A chief constable and former Aberystwyth copper has weighed in on why Welsh rugby fans should stop singing Sir Tom Jones’ anthem ‘Delilah’.
The Dyfed-Powys police chief, Dr Richard Lewis, backed Welsh Rugby Union’s decision to remove the song from the matchday playlist at the Principality Stadium in Cardiff.
Speaking ahead of Wales’ highly anticipated Six Nations match up with Ireland on Saturday, Dr Lewis - who began his career on the beat in Aberystwyth - tweeted: “There’s been a lot of misplaced criticism of this decision to stop singing ‘Delilah’.
“The song depicts the murder of a woman by a jealous partner.
“For context, approximately two women a week are murdered by a partner or ex-partner.
“It’s time to sing something else.”
His police force launched a major domestic abuse campaign before Christmas while other forces across Wales and England are hoping to draw the public’s attention to the issue – and encourage victims to come forward.
Tom Jones’ iconic 1968 hit has been ringing out at the Principality Stadium for decades, but has recently been criticised by domestic abuse charities.
It features the lyrics: “So before they come to break down the door, forgive me Delilah, I just couldn't take anymore.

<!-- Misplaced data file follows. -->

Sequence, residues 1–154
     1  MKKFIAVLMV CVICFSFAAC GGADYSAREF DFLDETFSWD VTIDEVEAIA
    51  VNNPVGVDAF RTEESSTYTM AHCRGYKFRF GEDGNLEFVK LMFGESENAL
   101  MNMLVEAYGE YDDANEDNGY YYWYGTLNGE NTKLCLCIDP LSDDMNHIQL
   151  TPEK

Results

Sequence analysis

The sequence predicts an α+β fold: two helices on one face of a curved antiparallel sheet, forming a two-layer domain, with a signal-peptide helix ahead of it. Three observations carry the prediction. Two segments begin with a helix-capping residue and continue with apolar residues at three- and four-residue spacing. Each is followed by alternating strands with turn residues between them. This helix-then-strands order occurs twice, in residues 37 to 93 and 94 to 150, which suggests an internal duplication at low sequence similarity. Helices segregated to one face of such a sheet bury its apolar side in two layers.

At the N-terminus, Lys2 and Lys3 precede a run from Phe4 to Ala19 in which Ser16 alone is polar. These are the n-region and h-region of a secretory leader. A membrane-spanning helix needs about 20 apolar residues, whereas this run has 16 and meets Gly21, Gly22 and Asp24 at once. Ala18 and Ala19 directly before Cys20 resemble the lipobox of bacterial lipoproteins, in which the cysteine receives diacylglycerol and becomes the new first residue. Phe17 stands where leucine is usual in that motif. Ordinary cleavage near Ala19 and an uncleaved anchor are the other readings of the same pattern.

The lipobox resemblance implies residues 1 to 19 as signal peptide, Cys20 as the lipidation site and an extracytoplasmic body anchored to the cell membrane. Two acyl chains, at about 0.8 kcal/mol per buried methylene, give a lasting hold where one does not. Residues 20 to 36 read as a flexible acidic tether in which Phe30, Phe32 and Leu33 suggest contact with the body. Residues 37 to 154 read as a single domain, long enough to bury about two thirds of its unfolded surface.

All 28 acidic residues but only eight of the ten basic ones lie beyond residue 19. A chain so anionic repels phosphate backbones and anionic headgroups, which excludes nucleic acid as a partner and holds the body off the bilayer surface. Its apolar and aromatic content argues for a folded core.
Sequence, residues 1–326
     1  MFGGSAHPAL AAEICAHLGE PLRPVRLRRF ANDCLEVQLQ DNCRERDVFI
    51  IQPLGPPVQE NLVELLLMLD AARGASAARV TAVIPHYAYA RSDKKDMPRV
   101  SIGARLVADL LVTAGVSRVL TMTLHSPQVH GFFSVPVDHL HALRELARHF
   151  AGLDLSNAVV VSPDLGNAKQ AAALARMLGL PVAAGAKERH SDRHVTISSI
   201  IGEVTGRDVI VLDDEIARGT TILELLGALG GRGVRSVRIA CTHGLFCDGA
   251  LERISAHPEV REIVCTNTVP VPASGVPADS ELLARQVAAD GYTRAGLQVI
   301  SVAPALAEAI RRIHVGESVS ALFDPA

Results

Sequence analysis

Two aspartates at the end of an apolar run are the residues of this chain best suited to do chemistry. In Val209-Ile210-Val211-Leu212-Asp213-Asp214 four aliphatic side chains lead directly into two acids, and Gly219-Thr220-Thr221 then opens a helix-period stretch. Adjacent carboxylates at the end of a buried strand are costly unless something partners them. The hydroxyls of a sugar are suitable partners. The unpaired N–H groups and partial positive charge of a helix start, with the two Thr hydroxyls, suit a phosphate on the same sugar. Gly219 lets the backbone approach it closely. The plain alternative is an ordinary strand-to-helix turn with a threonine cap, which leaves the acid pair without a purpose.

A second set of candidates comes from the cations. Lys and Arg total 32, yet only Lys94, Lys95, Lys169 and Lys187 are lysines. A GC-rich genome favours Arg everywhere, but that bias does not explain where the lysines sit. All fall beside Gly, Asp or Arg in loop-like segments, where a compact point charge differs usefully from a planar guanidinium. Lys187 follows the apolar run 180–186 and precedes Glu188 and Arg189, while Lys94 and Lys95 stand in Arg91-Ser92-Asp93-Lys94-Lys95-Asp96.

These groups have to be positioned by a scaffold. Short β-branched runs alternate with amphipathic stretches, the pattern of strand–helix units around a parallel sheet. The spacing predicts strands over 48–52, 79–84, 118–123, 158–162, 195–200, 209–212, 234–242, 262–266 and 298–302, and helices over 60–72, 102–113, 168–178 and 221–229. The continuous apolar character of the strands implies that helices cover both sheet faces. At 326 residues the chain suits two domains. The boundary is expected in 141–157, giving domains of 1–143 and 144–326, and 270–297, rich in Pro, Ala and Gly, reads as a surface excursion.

“She stood there laughing, I felt the knife in my hand and she laughed no more.”
On Wednesday (1 February), a Principality Stadium spokesman said: "Delilah will not feature on the playlist for choirs for rugby internationals at Principality Stadium.
"Guest choirs have also more recently been requested not to feature the song during their pre-match performances and throughout games.
"The WRU condemns domestic violence of any kind.
"We have previously sought advice from subject matter experts on the issue of censoring the song and we are respectfully aware that it is problematic and upsetting to some supporters because of its subject matter."
It comes amid a difficult week for the Welsh Rugby Union which has sustained heavy criticism over allowing a culture of misogyny, sexism and racism dominate the decision-making body of the national sport.
In response to the announcement, Welsh Conservative Shadow Sports Minister, Tom Giffard MS, said: “The decision is a wrongheaded one that amounts to simple virtue signalling, designed to ease the pressure the WRU are currently under. Calls to ban the song span at least the last decade, yet the WRU have chosen now to act.
“What people have been calling for is institutional change, improved working practices and a better complaints process for the WRU, but instead they are choosing to ban a much loved Tom Jones song. This action will solve nothing.”
Office for National Statistics (ONS) figures show 5,600 domestic abuse-related crimes were recorded by Dyfed-Powys Police in the year to March – up from 5,355 the year before and the highest number since 2015-16, when comparable records began.
Wales kick off their Six Nations campaign against Ireland in Cardiff on Saturday at 2.15pm.